Multitudinous Megafictions: An Interview with Steven Moore


NICOLAS TREDELL: Could you start by telling us something about your family background and pre-college schooling?

STEVEN MOORE: I grew up in southern California, the eldest son in a middle-class family. Neither of my parents went to college, but both were readers, which set a good example. Looking back, I can see two things that set me on the road to becoming a literary critic. When I was seven or eight, my father bought a set of Funk & Wagnalls encyclopedias. I began dipping into it, less for the articles themselves than for the wondrous idea of wrangling the chaos of the world into an orderly set of alphabetical entries. My parents then bought an illustrated set of encyclopedias for children, and that set me to thinking that I’d like to write my own encyclopedia. I decided to focus on famous people, and began typing up my own work, in two justified columns in imitation of the children’s version, and freely borrowing from reference books at home and school. I abandoned it after about two years (around age 10), but during that period I not only learned to type, but also unwittingly learned how to write expository prose. Some have praised my critical writing for its clarity, and I owe it all to those early years of childish plagiary.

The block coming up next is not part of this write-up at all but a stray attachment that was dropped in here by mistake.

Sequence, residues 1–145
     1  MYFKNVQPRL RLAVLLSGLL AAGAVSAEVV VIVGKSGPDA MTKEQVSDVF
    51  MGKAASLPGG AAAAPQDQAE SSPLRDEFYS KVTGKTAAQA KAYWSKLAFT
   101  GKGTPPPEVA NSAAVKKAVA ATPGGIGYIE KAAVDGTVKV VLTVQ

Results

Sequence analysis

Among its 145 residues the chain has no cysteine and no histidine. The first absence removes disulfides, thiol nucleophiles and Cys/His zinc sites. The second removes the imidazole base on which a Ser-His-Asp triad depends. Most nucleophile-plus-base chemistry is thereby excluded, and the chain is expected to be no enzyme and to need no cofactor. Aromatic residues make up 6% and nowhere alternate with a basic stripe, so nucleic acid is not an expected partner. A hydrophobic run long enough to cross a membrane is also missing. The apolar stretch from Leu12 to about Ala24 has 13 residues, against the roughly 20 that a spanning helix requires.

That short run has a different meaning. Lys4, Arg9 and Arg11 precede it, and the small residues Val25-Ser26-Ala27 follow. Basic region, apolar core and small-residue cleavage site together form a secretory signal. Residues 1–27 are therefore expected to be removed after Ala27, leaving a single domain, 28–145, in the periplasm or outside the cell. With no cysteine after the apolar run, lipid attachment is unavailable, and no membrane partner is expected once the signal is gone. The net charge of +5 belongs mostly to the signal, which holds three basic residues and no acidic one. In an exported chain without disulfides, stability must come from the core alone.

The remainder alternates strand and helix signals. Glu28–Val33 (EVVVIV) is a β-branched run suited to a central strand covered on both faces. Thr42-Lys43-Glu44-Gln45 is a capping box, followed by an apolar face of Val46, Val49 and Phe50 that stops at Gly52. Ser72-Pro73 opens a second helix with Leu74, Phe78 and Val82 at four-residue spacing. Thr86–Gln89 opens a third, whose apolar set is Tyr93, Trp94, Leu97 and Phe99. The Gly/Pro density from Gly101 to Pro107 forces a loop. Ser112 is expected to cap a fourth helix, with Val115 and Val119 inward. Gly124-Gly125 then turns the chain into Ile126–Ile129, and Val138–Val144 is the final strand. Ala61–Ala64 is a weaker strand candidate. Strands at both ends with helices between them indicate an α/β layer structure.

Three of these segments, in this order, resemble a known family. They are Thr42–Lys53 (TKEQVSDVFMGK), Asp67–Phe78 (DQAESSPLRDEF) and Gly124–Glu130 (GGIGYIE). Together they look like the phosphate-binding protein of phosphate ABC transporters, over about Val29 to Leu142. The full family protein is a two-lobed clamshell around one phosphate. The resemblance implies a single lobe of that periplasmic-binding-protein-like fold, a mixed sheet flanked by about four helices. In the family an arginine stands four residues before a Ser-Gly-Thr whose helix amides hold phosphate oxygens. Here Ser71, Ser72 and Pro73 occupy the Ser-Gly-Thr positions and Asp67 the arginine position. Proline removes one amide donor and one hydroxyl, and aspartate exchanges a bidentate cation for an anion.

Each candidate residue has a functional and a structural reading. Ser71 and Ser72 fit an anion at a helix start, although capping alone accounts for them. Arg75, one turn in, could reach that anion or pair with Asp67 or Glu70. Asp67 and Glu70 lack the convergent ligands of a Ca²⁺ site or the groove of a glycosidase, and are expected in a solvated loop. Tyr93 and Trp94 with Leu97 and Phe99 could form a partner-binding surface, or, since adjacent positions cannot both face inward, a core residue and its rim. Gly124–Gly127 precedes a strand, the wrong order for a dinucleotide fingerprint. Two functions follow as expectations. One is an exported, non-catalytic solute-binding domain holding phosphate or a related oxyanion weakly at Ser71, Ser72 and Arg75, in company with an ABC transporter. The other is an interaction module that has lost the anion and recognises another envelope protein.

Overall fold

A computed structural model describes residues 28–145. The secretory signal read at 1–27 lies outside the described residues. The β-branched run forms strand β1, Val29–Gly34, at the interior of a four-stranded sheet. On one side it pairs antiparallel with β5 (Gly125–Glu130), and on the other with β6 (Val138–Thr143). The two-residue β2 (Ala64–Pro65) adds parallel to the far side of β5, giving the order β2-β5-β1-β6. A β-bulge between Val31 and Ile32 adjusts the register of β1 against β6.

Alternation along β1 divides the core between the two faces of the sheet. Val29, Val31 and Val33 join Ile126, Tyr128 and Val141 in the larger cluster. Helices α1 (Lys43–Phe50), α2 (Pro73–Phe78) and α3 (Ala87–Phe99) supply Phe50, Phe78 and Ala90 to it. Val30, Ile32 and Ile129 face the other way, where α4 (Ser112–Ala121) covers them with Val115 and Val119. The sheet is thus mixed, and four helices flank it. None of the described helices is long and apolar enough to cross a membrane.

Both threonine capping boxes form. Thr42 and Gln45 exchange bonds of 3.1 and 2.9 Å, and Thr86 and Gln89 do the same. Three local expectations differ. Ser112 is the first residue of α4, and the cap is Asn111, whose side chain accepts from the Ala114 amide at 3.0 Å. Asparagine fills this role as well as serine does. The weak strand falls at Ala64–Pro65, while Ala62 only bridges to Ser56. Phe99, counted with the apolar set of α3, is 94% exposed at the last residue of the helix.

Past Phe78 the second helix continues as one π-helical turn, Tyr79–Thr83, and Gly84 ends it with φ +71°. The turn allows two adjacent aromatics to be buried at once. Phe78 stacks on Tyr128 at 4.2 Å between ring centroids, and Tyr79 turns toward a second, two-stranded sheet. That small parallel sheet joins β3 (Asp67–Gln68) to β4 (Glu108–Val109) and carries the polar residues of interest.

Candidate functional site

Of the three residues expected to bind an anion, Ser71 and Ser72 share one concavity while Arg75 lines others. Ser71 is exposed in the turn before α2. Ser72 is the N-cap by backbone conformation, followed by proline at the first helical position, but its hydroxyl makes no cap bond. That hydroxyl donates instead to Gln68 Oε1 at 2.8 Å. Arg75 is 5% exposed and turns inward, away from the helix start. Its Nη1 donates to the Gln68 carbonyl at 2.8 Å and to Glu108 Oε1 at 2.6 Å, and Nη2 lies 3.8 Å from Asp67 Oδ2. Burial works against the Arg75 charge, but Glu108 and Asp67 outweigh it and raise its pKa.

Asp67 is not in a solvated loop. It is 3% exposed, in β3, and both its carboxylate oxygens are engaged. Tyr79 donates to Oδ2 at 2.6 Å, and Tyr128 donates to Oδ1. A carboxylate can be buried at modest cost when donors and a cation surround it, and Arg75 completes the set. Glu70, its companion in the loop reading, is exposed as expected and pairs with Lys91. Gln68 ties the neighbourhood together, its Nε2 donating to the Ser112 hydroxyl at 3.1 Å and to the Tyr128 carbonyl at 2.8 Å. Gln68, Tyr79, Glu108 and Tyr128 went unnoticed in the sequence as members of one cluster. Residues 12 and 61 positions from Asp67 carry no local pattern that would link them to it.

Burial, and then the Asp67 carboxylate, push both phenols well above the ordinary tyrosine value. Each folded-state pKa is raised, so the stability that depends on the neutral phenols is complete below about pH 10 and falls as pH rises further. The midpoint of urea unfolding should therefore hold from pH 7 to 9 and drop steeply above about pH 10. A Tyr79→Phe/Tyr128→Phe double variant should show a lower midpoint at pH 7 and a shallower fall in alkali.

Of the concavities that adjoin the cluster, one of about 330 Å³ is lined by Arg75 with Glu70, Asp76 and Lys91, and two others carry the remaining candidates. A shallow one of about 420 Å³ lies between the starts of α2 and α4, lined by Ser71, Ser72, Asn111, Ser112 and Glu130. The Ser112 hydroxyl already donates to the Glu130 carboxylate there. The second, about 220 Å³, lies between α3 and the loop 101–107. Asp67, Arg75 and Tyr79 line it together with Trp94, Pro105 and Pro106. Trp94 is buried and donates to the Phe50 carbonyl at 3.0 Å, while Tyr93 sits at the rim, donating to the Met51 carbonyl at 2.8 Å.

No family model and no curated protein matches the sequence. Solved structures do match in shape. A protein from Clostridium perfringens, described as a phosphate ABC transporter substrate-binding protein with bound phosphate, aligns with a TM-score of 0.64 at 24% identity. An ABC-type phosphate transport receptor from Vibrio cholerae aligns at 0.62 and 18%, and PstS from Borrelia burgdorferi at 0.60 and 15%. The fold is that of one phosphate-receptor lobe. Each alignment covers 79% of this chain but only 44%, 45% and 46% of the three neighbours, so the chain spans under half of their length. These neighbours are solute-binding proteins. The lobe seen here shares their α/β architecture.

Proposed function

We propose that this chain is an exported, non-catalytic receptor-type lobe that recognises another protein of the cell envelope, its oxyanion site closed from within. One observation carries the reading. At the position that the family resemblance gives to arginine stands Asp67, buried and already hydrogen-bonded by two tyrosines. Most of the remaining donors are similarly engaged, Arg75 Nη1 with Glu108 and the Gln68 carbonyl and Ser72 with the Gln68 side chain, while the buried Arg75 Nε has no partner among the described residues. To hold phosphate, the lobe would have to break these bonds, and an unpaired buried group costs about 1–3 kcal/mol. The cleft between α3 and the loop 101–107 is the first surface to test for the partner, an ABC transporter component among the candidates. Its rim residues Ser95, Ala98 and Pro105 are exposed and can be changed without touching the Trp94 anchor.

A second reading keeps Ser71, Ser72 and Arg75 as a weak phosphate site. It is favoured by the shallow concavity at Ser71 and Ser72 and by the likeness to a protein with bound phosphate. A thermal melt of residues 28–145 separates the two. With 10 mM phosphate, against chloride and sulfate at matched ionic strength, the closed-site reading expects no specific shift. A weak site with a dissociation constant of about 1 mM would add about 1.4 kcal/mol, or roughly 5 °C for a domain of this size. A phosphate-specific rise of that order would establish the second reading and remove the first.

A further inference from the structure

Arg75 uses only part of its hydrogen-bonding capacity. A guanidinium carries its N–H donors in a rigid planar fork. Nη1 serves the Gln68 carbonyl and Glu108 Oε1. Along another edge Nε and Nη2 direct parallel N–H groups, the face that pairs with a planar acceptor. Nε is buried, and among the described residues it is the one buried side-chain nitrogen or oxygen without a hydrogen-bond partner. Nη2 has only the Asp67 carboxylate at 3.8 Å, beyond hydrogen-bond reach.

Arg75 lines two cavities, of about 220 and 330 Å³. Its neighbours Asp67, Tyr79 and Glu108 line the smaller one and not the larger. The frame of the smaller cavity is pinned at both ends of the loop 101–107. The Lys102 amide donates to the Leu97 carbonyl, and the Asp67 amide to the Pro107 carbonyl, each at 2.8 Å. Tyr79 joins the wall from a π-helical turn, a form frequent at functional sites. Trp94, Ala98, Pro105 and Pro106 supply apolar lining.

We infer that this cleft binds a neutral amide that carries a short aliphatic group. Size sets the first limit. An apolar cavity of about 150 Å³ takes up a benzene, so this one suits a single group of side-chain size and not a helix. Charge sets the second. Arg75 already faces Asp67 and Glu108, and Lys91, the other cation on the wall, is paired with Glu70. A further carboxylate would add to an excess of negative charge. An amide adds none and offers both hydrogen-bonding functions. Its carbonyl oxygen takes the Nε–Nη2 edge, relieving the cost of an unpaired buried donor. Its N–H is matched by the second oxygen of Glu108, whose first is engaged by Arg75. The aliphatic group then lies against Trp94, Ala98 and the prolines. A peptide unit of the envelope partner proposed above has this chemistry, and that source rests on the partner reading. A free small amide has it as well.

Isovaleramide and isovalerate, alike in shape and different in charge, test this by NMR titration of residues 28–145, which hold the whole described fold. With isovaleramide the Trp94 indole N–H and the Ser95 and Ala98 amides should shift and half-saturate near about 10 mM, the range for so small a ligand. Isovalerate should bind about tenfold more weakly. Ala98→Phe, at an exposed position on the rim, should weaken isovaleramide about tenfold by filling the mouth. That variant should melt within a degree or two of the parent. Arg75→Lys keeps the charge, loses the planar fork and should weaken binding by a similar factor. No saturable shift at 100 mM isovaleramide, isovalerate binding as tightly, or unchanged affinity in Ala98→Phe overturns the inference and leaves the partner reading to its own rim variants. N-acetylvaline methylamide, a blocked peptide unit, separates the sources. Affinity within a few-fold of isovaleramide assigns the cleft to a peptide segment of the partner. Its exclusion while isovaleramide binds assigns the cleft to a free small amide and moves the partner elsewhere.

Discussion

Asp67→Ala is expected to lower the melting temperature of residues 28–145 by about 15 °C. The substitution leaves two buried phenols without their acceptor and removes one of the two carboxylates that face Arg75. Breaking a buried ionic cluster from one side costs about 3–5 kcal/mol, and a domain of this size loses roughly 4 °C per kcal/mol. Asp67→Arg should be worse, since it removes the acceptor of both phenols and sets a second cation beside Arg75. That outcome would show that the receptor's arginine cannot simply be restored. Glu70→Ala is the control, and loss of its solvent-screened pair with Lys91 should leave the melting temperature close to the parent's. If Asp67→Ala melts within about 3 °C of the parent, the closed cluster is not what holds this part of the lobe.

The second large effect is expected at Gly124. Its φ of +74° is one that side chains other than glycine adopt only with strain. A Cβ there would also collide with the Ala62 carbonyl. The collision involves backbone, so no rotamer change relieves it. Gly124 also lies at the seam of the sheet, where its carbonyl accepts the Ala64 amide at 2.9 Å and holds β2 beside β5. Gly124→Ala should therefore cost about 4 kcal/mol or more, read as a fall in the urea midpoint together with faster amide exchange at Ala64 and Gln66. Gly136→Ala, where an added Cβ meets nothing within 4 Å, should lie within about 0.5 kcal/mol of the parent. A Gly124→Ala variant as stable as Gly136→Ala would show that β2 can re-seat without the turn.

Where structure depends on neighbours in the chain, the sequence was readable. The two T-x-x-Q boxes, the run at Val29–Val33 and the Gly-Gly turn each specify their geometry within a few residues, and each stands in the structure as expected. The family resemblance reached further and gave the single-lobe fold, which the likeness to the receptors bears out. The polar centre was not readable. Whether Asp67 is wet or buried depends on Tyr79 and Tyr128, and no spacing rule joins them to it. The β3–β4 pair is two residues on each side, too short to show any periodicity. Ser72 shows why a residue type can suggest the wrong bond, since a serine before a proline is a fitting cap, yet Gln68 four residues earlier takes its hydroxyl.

My father was a research assistant for an oil company, but he made amateur movies on the side: ghost stories, Westerns, short subjects. He did everything—wrote the scripts, shot and edited the films, created the soundtracks—and watching him and occasionally assisting him (even acting in a few of them), I witnessed how art is made, even at that do-it-yourself level, which likewise stood me in good stead when it came time to analyzing how literary works are made.

I read a lot as a kid, but mostly history and biographies, not fiction. Throughout high school I planned to become a hmoore1istory teacher someday, though at that time I was much more into music.

You had a strong interest in rock music and played in bands and composed pieces for performance. How did this develop and how did it relate to your interest in literature?